There is an “in” political word - “blowback”. Pakistan certainly has it. We can also call it “the chickens coming home to roost” or the “sins of the fathers visited upon the children”. The question is, can the new Prime Minister, Nawaz Sharif do anything about it? His predecessor wasn’t able to do much and neither could the military government of General Pervez Musharraf which preceded him. Now we have to see if Sharif can find a solution. If he fails Pakistan might rip itself apart.
“Blowback” is happening because the shots are increasingly being called in political life by the extremist Islamist fighting units that the now threatened Pakistani political establishment itself created.
Going way back too soon after the nation was born in 1947 when it split off from India to form an independent Muslim country the military’s Inter Service Intelligence agency has funded and supplied the Jihadists to do what the army could not do more publicly.
The targets remain the same: first Kashmir and later Afghanistan. In Kashmir the objective has been to wrest the Muslim-dominated province out of the hands of India. In Afghanistan the initial purpose was to aid the Taliban take-over after the withdrawal of the Soviet occupation forces in 1989. Today, as the US and Nato troops prepare to leave, the militants are geared to supporting the Taliban to gain control of the country once again.
In both countries the objective has been to roll back India’s influence. If Pakistan has a friendly government in Afghanistan it gives it more strategic depth and denies India the opportunity to encircle it. If Pakistan wins control of Kashmir it pulls more of India’s Muslim population under its roof and rectifies what Pakistan believes was a grievous wrong inflicted upon it at the time of independence.
Thus, despite pledges after 9/11 to support the Americans fighting in Afghanistan and to facilitate supply routes, the ISI continued with supporting the Taliban, giving it extensive financial, logistical and intelligence support. (This may have extended to some elements of ISI, officially or unofficially, quietly aiding the protection of Osama bin Laden, hidden in Pakistan.)
The militants are prepared to go to any length to fulfil their aims and after becoming more financially and militarily independent act increasingly without the backing of the ISI. For their part the government and its military have, over the years, become more cautious, constraining the activities of the ISI. But the tail still too often wags the dog. This was seen most horrifically when five years ago Jihadist militants from Pakistan attacked a hotel in Mumbai killing 166 people. The Pakistani government was deeply embarrassed by the event but nevertheless refused to either hand the suspects over to India, or arrest and try them. It appeared to be too frightened of crossing the militants. The organisation behind the bombing, Lashkar-e-Taiba, regularly holds rallies in Lahore.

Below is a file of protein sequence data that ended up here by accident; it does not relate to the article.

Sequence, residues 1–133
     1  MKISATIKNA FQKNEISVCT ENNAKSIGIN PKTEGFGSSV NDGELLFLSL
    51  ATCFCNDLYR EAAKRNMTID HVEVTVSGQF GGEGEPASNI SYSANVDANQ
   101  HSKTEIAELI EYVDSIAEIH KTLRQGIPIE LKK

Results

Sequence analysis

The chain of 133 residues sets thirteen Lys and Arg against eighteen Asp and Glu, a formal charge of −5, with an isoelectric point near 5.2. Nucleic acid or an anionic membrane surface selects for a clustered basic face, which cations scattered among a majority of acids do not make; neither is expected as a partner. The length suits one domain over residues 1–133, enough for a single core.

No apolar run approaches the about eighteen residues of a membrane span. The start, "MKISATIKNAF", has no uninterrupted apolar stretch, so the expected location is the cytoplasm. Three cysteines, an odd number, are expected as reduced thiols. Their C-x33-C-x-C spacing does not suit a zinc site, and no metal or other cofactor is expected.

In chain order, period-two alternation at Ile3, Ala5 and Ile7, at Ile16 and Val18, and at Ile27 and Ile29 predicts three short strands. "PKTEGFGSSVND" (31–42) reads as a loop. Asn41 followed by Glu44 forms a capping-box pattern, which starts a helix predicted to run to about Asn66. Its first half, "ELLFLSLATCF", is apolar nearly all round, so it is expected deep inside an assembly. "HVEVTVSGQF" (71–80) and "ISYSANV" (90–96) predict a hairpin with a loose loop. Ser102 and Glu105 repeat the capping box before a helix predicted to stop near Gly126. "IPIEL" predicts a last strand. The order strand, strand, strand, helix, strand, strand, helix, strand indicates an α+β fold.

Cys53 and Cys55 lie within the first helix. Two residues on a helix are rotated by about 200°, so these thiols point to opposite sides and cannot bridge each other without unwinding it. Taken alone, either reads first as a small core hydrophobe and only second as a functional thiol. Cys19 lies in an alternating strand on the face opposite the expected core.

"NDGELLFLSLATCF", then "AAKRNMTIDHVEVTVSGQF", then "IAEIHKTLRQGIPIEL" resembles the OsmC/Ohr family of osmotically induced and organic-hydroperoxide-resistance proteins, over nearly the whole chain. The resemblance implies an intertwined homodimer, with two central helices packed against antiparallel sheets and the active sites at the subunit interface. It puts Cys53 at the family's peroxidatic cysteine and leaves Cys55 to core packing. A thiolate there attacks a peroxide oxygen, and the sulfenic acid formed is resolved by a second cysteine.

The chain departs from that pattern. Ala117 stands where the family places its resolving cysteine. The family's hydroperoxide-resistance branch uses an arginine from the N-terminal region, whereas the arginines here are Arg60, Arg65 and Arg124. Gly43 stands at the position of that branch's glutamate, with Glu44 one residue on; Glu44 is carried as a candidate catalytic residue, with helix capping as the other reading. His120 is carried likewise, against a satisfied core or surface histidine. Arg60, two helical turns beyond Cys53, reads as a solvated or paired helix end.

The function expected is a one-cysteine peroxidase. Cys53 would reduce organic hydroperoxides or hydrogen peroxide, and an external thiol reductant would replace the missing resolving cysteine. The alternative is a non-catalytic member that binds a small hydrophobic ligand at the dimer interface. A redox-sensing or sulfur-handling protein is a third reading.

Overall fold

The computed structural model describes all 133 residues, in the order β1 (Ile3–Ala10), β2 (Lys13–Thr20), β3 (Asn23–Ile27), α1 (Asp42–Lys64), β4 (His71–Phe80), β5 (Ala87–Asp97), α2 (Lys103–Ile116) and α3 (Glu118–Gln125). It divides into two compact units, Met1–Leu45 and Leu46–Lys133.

Last weekend Jihadists attacked Peshawar, the city of 4 million that sits close to Afghanistan. They came from the unruly, adjacent so-called tribal areas, where the Jihadists exert a growing influence. Groups such as the Pakistani Taliban have seized control of large parts of South Waziristan which borders Afghanistan, enforcing an extreme version of Sharia law and participating in attacks on government and coalition targets in Afghanistan. The Pakistan army has been compelled to divert resources to try and root out the Jihadists.
All this has come as no surprise. Even 6 years ago Jihadists tried to ambush and kill President Musharraf and were probably instrumental in the murder of Presidential candidate, Benazir Bhutto. Every time a Pakistani leader threatens to act against their interests they go for the jugular, (and they will go for Sharif’s if he crosses them). And yet all these years the ISI has continued to succour them. Pakistan faces both ways, Prime Minister David Cameron of the UK said, on a visit to Pakistan last year.
In recent months the government of Pakistan has tried to break loose from the policies that have favoured the Taliban, reaching out to the Afghan government, perhaps fearful a victorious Taliban would give support and strength to the Jihadist movements inside Pakistan.
Kashmir and Afghanistan are intertwined. The Afghan conflict has served as a smokescreen behind which Pakistan wages its campaign in Kashmir. The Pakistan government, first under Musharraf and more recently under President Asif Ali Zardari, negotiated with India to end the Kashmir dispute. Musharraf would probably have achieved a mutually acceptable settlement if Indian Prime Minister, Manmohan Singh, would have closed a deal which offered so many Pakistani concessions. Sharif knows he has to push for a deal if only to sideline the Kashmir-based Pakistani Jihadists.
Sharif will have to fight not just for the soul of Pakistan but for its very being as a unitary state.
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